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Nutritional Supplementation (April 2022)

Written by Connor Freed, MS student in Animal and Nutritional Sciences

Hey Mountaineers! This is your fellow graduate assistant of Dining Services, Connor Freed, here. I hope everyone is enjoying this nice weather and staying on top of assignments as the semester winds down. I wanted to take some time to discuss a pet peeve of mine in the field of nutrition, and that is the misleading marketing tricks used to sell unneeded or unproven products and supplements. As a future-dietitian, I often get asked about what supplements are effective at this or that, and after learning more about the current state of the supplement industry, I feel that this is an important subject to shed some light on. This post will focus mainly on micronutrient supplementation, but the same principles will apply to athletic, herbal and all other forms of supplements.

Regulation of Supplements

It is estimated that half of all Americans take a health supplement each day 1. Many of us see the quality of labels and packaging and assume that a product has met certain standards, but just as you should never judge a book by its cover, you should never take what's on a supplement’s label as fact. Here’s why! The FDA does not review supplements before they are on the market, and it is up to the manufacturer to prove the safety and efficacy of their product, of which they are under no obligation to show to consumers 1. The FDA is lacking an effective system to detect harm from many supplements, but instead takes action only once someone has been seriously injured and reports this injury 1. On top of that, companies use vague and unsubstantiated claims for their products such as, “boosts your immune system” and “supports bone health”, which mean almost nothing in a scientific sense (crazy right?!). Keep in mind that we are talking about an estimated 85,000 supplements on the market at any given time and this number is only expected to increase 1. With all those products, you may think that we have an extensive process to make sure these supplements are safe and effective.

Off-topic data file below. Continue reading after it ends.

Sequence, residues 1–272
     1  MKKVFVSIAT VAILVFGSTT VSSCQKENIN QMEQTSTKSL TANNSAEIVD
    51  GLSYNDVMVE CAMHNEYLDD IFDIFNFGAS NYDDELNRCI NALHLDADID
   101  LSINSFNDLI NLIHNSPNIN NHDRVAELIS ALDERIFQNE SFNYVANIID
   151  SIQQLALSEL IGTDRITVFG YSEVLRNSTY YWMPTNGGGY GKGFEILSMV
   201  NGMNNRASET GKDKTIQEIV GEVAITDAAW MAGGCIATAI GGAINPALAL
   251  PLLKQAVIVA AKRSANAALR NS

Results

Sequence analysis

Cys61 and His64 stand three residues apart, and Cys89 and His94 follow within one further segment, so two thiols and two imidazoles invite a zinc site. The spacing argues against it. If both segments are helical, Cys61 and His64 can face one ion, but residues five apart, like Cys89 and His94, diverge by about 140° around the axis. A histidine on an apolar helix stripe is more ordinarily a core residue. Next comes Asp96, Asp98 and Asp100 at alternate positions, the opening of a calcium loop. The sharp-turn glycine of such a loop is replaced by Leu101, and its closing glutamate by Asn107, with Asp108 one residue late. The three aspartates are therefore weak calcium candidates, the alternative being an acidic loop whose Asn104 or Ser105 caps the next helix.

Let’s talk about the term “all natural” seen on many supplement containers. Many people think that if something is labeled “all natural” it must be safe. This is just a marketing trick, as there are countless “all-natural” harmful pathogens and toxic substances that can injure you and countless body systems if consumed. But even if everything that was labeled “all natural” was safe, what if the information on the label and the actual contents of the bottle were completely different? For things like herbal products, you would expect labels to tell you exactly what you are consuming, right? That’s not always the case. Let’s take a closer look.

Researchers from Guelph University aimed to test the contents of various herbal products through DNA barcoding, where 44 herbal products from 12 different companies were tested 2. 59% of the products contained DNA from different plant species than were listed on the label, and one-third contained contaminants or fillers not listed on the label 2. Only two out of the 12 companies (17%) had accurate label information and uncontaminated products. A similar study was conducted at Stony Brook University to test the DNA contents of 36 different Black Cohosh dietary supplements 3. The researchers found that 25% of the products contained DNA from plants that were related to but different from Black Cohosh 3. Inaccurate labeling is extremely problematic for those with allergies or other conditions where mislabeled products can interfere with health.

Are Supplements Beneficial?